Meet Darren Carew, our new Chair of Special Olympics Wales - “Inclusion is what I live and breathe”
Special Olympics Wales has a new Chair, Darren Carew. As National Inclusion Manager at the Welsh Rugby Union, Darren is a ball of energy whose enthusiasm for all things inclusion is infectious. Although Darren is new to Special Olympics Wales, not only has he had personal experience of the power of sport and the benefits it can bring, Darren, also understands the power and potential of what Special Olympics can unlock for both our athletes and volunteers. And it’s exciting!
Tell us a little bit about you Darren?
“I’m originally from Cardiff, but I live in the Brecon Beacons now. I’m from a military family. I joined the army back in 1997 and had a pretty healthy career. I was injured in Afghanistan in 2008 so then I went through a bit of a transitional period.
“I had damage to my leg and took a bump to my head and lost some hearing in my left ear. There is this place called Headley Court which is the Defence Medical Research Centre where all injured soldiers go to rehabilitate.
“I didn’t lose my leg when I was blown up. It was quite badly damaged so I went through a series of about five years of operations trying to save my leg so I could go back to being a soldier. And it got to a stage where I was in so much pain, every operation failed, I appealed to them and fair play to them, I went through a bit of a process, went to London, and they cut my leg off.
“While I was at Headley Court, I was lucky in the fact that sports recovery is massively important. So, I went through the whole Invictus journey. I started off training in discus, shotput, bit of cycling as well. Then went to America and competed in the US Airforce Trials in Nevada which was an amazing experience. I thought yes, this is what I want to do. Then I went to the Warrior Games again in the States. While I was out there, I was competing in discus and there was a big, tall US Marines guy who failed his throw. He was really struggling with PTSD (Post Traumatic Stress Disorder) and he left the throwing cage quite agitated. I had thrown my discus and was in the lead, and I took him aside and said, ‘Come on buddy, you’ve got this. Just drop all the noise out of your head, ignore all the people watching and just focus purely on what’s in front of you.’ And he went out there and he nailed his throw. He took gold, I took silver and that was my introduction to becoming a coach!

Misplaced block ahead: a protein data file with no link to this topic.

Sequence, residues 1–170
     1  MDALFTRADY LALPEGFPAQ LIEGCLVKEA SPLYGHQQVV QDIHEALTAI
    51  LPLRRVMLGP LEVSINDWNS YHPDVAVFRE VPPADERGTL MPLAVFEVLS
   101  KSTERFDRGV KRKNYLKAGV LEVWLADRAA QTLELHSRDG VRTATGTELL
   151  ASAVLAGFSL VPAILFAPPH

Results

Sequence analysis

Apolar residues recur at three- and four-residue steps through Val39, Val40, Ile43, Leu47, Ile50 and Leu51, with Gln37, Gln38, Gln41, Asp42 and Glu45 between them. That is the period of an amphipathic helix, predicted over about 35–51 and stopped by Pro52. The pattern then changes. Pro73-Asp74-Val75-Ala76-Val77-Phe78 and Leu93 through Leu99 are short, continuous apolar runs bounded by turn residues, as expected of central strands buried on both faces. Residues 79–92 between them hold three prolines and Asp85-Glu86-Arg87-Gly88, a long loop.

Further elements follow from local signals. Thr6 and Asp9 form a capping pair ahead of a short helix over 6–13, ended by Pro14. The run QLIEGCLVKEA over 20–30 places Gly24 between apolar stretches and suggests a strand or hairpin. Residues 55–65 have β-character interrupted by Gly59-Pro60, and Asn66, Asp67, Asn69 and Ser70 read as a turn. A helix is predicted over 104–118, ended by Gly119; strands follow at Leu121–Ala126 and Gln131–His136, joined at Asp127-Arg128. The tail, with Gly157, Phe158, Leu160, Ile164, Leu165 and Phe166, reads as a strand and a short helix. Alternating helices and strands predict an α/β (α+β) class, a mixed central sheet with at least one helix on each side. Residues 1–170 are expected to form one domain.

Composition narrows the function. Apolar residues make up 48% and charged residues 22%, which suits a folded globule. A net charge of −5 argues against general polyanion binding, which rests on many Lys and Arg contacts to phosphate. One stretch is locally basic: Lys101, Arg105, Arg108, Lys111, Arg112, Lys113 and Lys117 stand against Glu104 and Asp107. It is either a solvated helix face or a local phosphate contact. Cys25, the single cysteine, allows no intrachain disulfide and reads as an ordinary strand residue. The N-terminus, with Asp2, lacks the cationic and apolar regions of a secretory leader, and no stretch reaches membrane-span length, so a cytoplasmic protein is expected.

“When I got back, I spent loads of time on the touchline of my kid’s rugby club. One thing led to another and before I knew it, I was attending the Disability Six Nations, working for the Welsh Rugby Union as a community coach where I developed a disabilities schools programme, and the rest they say is history!”
So how did you get involved with Special Olympics Wales?
“I used to bump into the previous Chair, Jeff Savory, a number of times at these big disability events called Insport held by Disability Sport Wales. I’d been going since the very beginning because there was this perception that rugby was not accessible to people with disabilities. So, I started running some sessions and it was a massive success. I saw the role on social media, and I was like that’s really, really cool and I literally retweeted it and just said ‘oh, do you know what, I’d go for this if I had any governance experience.’ And all of a sudden, the messages started coming in saying ‘why don’t you just go for it.’ And then Michael Beynon (Special Olympics Wales athlete) got in touch with me saying, ‘Darren, you’d be great at this.’ And I thought ‘oh, I can’t refuse you mate.’ Mike was the reason why I ended up applying for the role.”